Globe Invited to Attend Firefighter Physiological Monitoring Technology Summit

Globe Invited to Attend Firefighter Physiological Monitoring Technology Summit

Globe has been invited to attend the Firefighter Physiological Monitoring Technology Summit being held March 28-30, 2018 in Washington, DC. The Summit is presented by the National Fallen Firefighters Foundation and Skidmore College’s SMARTER (Science, Medicine, Research, Technology for Emergency Responders) program and will present groundbreaking information on the emerging field of firefighter wearable technology. Three specific areas will be addressed: The use of wearable ECG technology to detect early signs of cardiac events following firefighting or training exercises; The use of algorithms to estimate core temperature to reduce the risk of heat related injuries and fatalities; The use of low cost, portable technology to monitor air contamination levels on the fireground and in structures post fire. Important information for the fire service will be disseminated through the marketing channels of the National Fallen Firefighters Foundation and the Skidmore College SMARTER program. The ultimate goal of the SMARTER study going on now through most of 2018 is to reduce firefighter injuries and fatalities through the appropriate implementation of technology. Firefighters in the study are wearing shirts designed by Globe that incorporate a physiologic status monitoring system developed by Zephyr. The firefighters wear the Globe shirts throughout their 24-hour shifts and physiologic data such as heart rate, estimated core body temperature, respiration rate, ECG, movement, and more are recorded via electronic modules that are snapped into the shirts. The data shows the impact of live field operations on their bodies. This research is being led by Skidmore College with collaborative support from University of California at Los Angeles, University of Illinois Fire Service Institute, U.S. Army Research Institute of Environmental...
You pull up to a call in winter and what do you encounter? Water and ICE!

You pull up to a call in winter and what do you encounter? Water and ICE!

By Bill Ells, Vibram USA, Inc. How do you then minimize the risk of slips and falls in winter conditions? Globe fire boots with Vibram Arctic Grip Pro Technology provide a level of traction on wet ice not seen before. In 2014, Vibram challenged its chemists, product engineers, and team of testers to develop a technology that changed the standard in winter traction and one of the most treacherous surfaces known to man – WET ICE. Added to the challenge, was to do it without the use of metal spikes or the need to stop and fix a separate component, or overshoe, to footwear. After years of development, countless trials, and a few failures, success was achieved in the development of Vibram Arctic Grip and Arctic Grip Pro – the most advanced cold weather gripping system Vibram has ever created. Globe, a longtime supporter of the Vibram brand, immediately took interest in this revolutionary product. After all, the goal of both Vibram and Globe is to provide the first responder with the highest level of performance available. Vibram Arctic Grip Pro is a combination of the highest performing rubber outsole compound, combined with an advanced filler system that provides unparalleled traction on wet ice, along with Vibram durability. The areas within the sole (see image at right) with yellow fleck in the lug, contain the advanced filler system that runs throughout the full thickness of the material. Vibram Arctic Grip and Vibram Arctic Grip Pro (Pro is the industrial version that meets NFPA requirements) have been tested in some of the most extreme environments. Vibram Arctic Grip Pro is...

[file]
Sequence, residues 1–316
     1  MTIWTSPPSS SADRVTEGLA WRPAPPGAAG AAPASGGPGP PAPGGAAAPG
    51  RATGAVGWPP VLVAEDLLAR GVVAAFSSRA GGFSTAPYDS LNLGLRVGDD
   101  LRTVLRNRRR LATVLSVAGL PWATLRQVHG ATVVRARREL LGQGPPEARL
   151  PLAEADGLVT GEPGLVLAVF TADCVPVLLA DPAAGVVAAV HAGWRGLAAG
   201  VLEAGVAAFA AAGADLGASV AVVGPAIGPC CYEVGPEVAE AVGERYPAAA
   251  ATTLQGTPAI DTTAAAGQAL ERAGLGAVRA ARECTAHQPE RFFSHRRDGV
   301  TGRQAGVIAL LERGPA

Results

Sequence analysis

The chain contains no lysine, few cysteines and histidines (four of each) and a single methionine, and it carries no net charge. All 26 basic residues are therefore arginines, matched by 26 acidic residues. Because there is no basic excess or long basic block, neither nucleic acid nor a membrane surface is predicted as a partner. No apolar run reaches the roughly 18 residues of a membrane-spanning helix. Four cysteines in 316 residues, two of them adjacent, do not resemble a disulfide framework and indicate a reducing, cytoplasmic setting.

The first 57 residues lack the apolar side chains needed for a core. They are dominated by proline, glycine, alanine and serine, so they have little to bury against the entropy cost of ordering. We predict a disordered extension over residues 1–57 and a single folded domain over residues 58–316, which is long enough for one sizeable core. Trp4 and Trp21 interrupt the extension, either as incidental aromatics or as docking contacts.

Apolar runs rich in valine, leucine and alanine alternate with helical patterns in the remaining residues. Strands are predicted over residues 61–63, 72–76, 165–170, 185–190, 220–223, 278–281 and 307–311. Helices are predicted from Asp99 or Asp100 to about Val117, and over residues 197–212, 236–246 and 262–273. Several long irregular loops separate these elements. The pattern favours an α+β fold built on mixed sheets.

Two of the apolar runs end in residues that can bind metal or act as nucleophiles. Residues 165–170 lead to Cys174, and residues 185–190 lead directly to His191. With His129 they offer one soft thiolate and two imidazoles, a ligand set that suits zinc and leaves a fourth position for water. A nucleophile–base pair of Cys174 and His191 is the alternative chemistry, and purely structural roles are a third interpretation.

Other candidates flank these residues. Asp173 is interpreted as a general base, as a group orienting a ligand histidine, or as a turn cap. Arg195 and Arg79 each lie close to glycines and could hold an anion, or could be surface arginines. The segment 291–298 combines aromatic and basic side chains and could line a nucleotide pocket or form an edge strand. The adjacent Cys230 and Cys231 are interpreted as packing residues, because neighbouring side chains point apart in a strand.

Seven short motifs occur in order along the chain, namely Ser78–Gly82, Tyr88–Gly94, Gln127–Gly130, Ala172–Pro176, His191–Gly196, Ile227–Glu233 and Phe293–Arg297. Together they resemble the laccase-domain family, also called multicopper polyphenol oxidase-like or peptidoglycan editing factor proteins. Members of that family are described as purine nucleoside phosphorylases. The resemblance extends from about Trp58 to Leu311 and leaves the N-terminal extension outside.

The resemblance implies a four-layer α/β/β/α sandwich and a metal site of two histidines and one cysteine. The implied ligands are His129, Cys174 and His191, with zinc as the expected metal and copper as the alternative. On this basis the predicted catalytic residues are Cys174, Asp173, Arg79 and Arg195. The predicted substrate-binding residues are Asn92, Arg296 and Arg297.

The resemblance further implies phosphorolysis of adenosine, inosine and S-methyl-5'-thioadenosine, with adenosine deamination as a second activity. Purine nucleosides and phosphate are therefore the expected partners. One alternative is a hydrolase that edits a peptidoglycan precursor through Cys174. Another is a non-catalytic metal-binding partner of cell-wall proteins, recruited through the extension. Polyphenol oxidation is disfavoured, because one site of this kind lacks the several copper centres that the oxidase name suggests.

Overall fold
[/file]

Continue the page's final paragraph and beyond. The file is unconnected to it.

Globe is Now Part of MSA | Still Globe, Only Better

Globe is Now Part of MSA | Still Globe, Only Better

By Rob Freese, Sr. Vice President of Sales and Marketing, Globe Manufacturing Company, now part of MSA It’s been all over Wall Street and Main Street, within the fire service and outside, and all around the world that Globe’s fourth generation owners have sold the business to MSA Safety Incorporated. It’s true. Globe protective clothing manufacturing, boot manufacturing, and cleaning and repair businesses are now part of MSA. What brought us together? If you know me, you’ve probably heard me say in the past that Globe is more than a business. It is a calling. If so, maybe you were a little surprised to find out that this family business now has new owners – a publicly traded company, not a fifth generation of the Freese family. So let me tell you a little about how we came to join forces with the world’s leader in safety. Several years ago − when really solidifying plans for the future of our great organization − we found ourselves without fifth generation family members in the wings ready to lead the business into the future. So we engaged in a multi-year process to identify potential new ownership that would be good stewards of what my family has created over four generations and 130 years. I can tell you that it wasn’t about auctioning off the business to the highest bidder. It was, in fact, about finding a home that reflected our core values. A home that would ensure a bright future for the business, our employees, our communities, our dealers, and most importantly for the firefighters and first responders who rely on...